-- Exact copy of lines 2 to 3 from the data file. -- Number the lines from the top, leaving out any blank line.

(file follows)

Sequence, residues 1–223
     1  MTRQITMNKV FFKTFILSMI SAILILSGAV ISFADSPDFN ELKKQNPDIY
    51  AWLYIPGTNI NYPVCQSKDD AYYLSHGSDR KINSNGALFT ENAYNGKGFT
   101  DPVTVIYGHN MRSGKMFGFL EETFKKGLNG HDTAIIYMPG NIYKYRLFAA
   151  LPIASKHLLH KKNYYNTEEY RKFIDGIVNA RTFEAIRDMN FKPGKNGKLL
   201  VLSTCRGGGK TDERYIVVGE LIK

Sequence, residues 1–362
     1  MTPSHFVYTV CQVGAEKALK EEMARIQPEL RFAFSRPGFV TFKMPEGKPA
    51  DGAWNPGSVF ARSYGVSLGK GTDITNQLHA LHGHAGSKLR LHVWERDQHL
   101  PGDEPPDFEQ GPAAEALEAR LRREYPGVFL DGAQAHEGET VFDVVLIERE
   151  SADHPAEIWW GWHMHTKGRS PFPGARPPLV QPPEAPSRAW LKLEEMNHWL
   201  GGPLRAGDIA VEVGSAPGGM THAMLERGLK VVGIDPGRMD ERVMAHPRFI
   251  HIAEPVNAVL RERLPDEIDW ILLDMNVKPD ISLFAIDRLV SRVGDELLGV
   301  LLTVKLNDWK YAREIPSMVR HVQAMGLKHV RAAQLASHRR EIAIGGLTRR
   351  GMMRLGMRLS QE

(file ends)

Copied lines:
     1  MTRQITMNKV FFKTFILSMI SAILILSGAV ISFADSPDFN ELKKQNPDIY
    51  AWLYIPGTNI NYPVCQSKDD AYYLSHGSDR KINSNGALFT ENAYNGKGFT